Hackers and spyware and breaches, oh my!
Now more than ever, we rely on our phones for everything. From work to communication to play, it seems like all is just a phone tap away. But do you know how to keep yourself safe while using your personal device? The constant concern over security has been surfacing more of late since news of compromised safety allegations against TikTok, the incredibly popular video-based social media app. The Trump administration unsuccessfully tried to ban the app in the US in 2020. While India has banned the app. Now it’s time to take a look at your phone and clear out any other apps that may end up causing you more harm than good.
Calling out constantly for Alexa, Google and Siri may make it seem like you added three extra kids to your household. But how safe is this ‘virtual helper’ technology anyway? While all of these apps pose security risks due to their constant listening tools, Google Assistant is the diciest. A quick rundown: the ‘Google Assistant’ feature can be enabled through the Google app on any smartphone or tablet that runs on at least Android 5.0. The problem? “This is one of the most pervasive applications in existence. It collects not only behavioural data, but voice searches, and it can record them at any point in time, meaning any time you talk about something, these voice recordings can be tied directly to advertising on Google,” explains Dr Leif-Nissen Lundbæk, co-founder and CEO of XAIN. The solution? Skip over enabling this virtual helper (or disable it if you currently have it on) and play that video of cute puppies (or whatever else you may be searching) on your own.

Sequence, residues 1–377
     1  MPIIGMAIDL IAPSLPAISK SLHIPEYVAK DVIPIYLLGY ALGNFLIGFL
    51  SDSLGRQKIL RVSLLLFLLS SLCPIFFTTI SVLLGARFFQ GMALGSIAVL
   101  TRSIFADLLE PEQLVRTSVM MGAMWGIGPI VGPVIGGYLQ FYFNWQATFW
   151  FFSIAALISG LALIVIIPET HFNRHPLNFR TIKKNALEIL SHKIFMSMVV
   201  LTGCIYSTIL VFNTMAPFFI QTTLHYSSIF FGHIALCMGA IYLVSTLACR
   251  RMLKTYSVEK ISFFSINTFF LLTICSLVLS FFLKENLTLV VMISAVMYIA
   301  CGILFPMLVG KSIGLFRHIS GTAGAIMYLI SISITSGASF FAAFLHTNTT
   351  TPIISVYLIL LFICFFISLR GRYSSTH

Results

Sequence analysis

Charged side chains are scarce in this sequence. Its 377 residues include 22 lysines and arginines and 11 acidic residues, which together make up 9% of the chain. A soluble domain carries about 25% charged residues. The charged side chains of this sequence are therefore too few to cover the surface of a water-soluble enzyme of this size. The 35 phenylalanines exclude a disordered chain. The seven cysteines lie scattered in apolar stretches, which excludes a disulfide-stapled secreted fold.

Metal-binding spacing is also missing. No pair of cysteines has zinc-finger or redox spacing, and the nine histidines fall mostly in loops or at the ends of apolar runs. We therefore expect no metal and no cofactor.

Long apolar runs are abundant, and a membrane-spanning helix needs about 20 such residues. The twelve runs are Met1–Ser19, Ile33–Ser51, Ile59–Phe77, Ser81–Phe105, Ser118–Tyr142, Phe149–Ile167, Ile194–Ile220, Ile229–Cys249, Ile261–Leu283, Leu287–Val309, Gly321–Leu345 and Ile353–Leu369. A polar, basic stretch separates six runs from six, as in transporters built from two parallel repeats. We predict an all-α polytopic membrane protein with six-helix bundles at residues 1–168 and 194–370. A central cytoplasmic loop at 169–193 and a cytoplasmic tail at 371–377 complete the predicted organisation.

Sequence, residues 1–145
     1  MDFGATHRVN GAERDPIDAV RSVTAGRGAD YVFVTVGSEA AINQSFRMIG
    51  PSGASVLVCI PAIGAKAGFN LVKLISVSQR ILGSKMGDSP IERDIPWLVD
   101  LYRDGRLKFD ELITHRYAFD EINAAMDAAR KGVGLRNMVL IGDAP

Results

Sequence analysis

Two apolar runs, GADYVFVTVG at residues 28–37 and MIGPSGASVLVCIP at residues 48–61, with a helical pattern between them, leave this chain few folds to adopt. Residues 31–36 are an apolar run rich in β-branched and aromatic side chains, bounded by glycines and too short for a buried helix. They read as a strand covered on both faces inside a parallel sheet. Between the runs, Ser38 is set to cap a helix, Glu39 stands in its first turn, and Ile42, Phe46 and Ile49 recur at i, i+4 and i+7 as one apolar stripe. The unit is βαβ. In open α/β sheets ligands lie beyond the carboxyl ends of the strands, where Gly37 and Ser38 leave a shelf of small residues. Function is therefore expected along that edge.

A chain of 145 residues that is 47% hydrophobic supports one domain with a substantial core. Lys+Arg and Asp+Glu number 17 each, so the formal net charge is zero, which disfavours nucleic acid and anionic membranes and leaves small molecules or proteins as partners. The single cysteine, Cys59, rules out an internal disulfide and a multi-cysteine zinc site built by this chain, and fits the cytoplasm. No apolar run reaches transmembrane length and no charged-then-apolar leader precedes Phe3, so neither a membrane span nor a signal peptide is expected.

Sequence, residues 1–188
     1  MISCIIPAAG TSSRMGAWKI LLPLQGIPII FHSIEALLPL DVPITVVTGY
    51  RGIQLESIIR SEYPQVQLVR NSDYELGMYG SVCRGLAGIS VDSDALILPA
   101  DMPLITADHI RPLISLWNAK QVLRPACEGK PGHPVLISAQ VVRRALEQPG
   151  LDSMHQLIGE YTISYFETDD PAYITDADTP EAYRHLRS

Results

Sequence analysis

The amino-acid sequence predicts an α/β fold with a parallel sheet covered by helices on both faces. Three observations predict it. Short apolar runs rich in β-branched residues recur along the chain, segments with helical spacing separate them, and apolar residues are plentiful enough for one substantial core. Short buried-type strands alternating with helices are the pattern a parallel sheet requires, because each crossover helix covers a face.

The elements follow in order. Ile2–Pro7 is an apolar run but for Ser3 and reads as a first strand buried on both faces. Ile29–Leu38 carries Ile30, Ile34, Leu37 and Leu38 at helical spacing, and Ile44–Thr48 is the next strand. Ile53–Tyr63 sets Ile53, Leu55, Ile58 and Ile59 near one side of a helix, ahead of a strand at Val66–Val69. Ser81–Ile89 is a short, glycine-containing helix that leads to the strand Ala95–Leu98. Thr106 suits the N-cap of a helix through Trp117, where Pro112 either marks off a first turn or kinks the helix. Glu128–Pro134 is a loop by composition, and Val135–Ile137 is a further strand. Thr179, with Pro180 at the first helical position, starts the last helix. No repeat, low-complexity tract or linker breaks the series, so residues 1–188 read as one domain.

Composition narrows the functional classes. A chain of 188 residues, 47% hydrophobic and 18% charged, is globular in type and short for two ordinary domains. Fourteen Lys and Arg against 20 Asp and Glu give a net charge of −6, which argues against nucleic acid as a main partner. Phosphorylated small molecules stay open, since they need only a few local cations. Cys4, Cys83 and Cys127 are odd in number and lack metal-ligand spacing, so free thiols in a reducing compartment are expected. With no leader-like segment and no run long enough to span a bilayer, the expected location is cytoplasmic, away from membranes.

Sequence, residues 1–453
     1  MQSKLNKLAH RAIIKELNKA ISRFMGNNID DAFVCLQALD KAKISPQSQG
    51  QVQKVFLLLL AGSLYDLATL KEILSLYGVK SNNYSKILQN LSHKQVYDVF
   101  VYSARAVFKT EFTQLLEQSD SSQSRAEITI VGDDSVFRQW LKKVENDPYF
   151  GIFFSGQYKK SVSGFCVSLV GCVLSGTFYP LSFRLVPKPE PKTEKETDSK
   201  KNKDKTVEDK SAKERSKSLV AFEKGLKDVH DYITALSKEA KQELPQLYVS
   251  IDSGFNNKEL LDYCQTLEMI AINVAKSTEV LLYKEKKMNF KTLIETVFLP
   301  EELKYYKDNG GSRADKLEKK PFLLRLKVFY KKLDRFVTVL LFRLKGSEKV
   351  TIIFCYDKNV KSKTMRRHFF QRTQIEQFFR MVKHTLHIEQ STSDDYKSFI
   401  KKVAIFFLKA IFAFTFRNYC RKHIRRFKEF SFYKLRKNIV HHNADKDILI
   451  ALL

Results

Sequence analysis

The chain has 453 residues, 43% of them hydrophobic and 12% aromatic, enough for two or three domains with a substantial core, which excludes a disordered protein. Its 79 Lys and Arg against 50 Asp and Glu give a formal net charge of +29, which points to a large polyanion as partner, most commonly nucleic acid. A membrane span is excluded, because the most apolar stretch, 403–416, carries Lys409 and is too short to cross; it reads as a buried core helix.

The legacy of WhatsApp is complicated, to say the least. The free text and voice messaging app is especially popular in Europe, as it provides free international calls over Wi-Fi and works on just about any type of phone or browser. Although the app claims to have advanced security features, such as end-to-end encryption so that messages can only be viewed by the sender and recipient, it has had its fair share of safety problems. “WhatsApp has had some major security breaches with phishing texts and phone calls, that even though were ignored, still installed spyware,” says Laura Fuentes, operator of Infinity Dish. “It could surely become the worst of these applications in terms of privacy if they were to use conversation data to build precise user profiles,” Dr Lundbæk agrees. So, although WhatsApp isn’t the most dangerous app out there, if you personally don’t use it a lot to communicate it’s better to skip the download or delete it off your phone. Better to be safe than sorry!
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